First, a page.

For Richard Spencer, the nominal ideologue of the most recent iteration of white supremacy in America, there is only one platform that will allow him to continue his work. Known as MakerSupport, the site, according to Spencer, remains the last bastion for him to raise funds — and to regain the relevance he once knew.
“One of the other fundamental reasons why we’re on MakerSupport is that this is all we’ve got,” Spencer said in late February. “We have been de-platformed from all major payment systems and other payment platforms. We can’t use them — but we can use MakerSupport.”
In a sense, Spencer is correct. Blocked by sites like Patreon and GoFundMe, and with white supremacist fundraising sites like GoyFundMe and Hatreon down indefinitely, MakerSupport appears to be the final option for any number of white supremacists and far-right fellow travelers, processing their payments and allowing them to continue their work.
The site describes itself as a “platform for creators, by creators… We believe that creators of all stripes should be able to earn a living doing what they love!” MakerSupport limits fundraising to supposedly creative ventures, from podcasts to YouTube videos to “robotics projects,” and explicitly forbids users from raising money for “personal expenses.”
MakerSupport claims it is a “platform rooted in a belief that everyone should be able to earn a living doing what they love.” However, when the site first went live late last year, it pointed to the type of language white nationalists and far-right conspiracy theorists would recognize: “There is no viewpoint discrimination on MakerSupport.”
For good measure, MakerSupport even explicitly advertised that it took a “smaller cut” than other fundraising sites like Hatreon, itself an explicitly far-right fundraising site.
“Just want to express my thanks to all who have pledged to me here on MakerSupport,” wrote noted Pizzagate conspiracy theorist Brittany Pettibone.
Indeed, a quick glance through the types of clients MakerSupport has managed to attract points to the site’s demographic appeal. In addition to Spencer — whose National Policy Institute, if donations hold, would bring in nearly $10,000 annually via the site — MakerSupport also boasts fundraising campaigns for conspiracy theorists like Nicholas Fuentes, who attended last year’s white supremacist rally in Charlottesville, Virginia, as well as Holocaust denier Peter Imanuelsen. The site additionally allows users to donate to white supremacist YouTube channels as well as something called “AltRightArt.”
Carl Benjamin, who goes by Sargon of Akkad, is currently on pace to raise roughly $15,000 per year on the site — despite the fact that he has been banned from Twitter and was recently temporarily suspended from YouTube. (MakerSupport “is retweets and hashtags away from being a superior product to Twitter,” Benjamin wrote.)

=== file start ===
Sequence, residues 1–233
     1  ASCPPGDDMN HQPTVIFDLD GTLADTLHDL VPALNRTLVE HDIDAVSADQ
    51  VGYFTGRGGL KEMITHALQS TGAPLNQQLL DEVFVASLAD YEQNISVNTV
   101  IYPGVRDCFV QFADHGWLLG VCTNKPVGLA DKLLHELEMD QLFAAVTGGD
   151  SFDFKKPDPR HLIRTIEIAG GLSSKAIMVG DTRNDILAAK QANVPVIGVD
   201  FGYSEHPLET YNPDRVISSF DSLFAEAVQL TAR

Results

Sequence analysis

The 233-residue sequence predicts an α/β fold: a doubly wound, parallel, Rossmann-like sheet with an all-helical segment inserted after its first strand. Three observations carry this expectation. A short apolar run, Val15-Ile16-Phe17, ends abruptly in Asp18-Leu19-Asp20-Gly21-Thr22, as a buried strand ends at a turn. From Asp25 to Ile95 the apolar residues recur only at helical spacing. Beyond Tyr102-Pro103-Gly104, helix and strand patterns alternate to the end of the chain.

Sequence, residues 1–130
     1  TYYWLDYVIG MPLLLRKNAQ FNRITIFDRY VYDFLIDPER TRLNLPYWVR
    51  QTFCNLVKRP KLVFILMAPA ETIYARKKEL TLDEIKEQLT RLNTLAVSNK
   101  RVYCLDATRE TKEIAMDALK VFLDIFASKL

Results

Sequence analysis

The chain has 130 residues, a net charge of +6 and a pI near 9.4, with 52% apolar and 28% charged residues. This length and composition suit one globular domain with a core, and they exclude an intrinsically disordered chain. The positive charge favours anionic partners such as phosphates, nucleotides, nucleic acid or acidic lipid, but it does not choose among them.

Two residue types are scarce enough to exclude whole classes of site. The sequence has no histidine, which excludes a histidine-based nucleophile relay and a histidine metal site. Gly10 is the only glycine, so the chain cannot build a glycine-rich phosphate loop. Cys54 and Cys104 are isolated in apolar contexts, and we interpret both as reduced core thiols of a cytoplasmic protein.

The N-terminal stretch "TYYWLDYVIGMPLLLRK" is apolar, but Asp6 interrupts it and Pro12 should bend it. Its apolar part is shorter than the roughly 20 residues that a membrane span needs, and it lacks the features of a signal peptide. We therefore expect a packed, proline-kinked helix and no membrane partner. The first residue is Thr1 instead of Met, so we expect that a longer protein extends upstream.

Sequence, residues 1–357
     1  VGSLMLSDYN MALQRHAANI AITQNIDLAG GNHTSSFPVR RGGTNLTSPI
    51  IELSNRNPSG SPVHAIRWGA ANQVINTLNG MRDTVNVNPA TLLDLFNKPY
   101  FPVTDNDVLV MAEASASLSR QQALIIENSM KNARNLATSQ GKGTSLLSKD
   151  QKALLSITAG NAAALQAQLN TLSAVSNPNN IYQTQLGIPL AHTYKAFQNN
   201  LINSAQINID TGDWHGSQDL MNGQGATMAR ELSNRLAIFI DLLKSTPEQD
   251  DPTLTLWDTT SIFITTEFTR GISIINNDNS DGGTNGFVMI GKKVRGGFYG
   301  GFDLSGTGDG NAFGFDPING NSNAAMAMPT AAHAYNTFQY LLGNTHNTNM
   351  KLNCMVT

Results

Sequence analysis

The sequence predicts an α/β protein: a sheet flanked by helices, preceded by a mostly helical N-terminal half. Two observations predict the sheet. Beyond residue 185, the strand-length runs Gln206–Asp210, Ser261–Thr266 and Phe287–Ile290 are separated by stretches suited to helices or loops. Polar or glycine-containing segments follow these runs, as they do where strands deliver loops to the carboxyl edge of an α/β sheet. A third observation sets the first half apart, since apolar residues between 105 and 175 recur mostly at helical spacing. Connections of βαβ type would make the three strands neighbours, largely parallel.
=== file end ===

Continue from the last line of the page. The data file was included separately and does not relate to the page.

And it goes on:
A campaign for white supremacist Chris Cantwell, the star of VICE’s 2017 documentary on Charlottesville, also remains on MakerSupport’s site, although Cantwell has claimed on his own site that MakerSupport barred his campaign from raising any funds.
Perhaps most notoriously, the site also allows users to support a pair of white nationalists recently barred from the United Kingdom. It’s unclear how much money Martin Sellner and Brittany Pettibone have been able to raise thus far, but Pettibone appears to be a recent figure on the site. Her first post came last Thursday, when she “express[ed] my thanks to all who have pledged to me here on MakerSupport. I’m deeply appreciative for your support, and I will try my best to post my content consistently here from now on.”
It remains unclear what Pettibone — who maintained an account on Hatreon, and who once described herself as “one of the leading authorities on Pizzagate” — will use the money for.
The maker of MakerSupport
According to his LinkedIn profile, Douglass is currently a student at Purdue University, and has worked as an intern at both Google and Apple. While ThinkProgress was unable to identify any other employees of MakerSupport, the Twitter feed for the site said that MakerSupport had “recently made [their] first hire to manage social media and support requests.”
We recently made our first hire to manage social media and support requests. I'm focused full-time on writing code.
Working on offering an API to some of our startup friends soon, and we'll be developing an app in the summer. Anyways, back to coding now. Cheers all!
— MakerSupport (@GoMakerSupport) March 6, 2018
Douglass did not respond to ThinkProgress’ request for comment, but the site’s Twitter feed provides insight into the types of clients MakerSupport hoped to attract. According to its Twitter account, MakerSupport was started when Lauren Southern — another far-right conspiracy theorist recently barred from the U.K. — “was kicked off of Patreon. It’d be amazing if she joined! Y’all should retweet this and reach out to her!”
I started MakerSupport when @Lauren_Southern was kicked off of Patreon. It'd be amazing if she joined!
Y'all should retweet this and reach out to her! https://t.co/fiDzCGZVdQ
— MakerSupport (@GoMakerSupport) December 12, 2017
Another video MakerSupport shared featured Southern complaining that other sites blocking her had “essentially eviscerate[ed] the majority of [her] income.”
Wrote MakerSupport, “Hate speech? Sounds like free speech to me.”
— MakerSupport (@GoMakerSupport) October 26, 2017
And in another tweet, MakerSupport wrote that “2018 will be the year in which alt-tech” — a reference to a series of sites that comprise, as Wired wrote, “the alt-right’s vision of the internet” — “returns freedom back to the people!” Spencer and his fellow white supremacists can only hope that’s the case.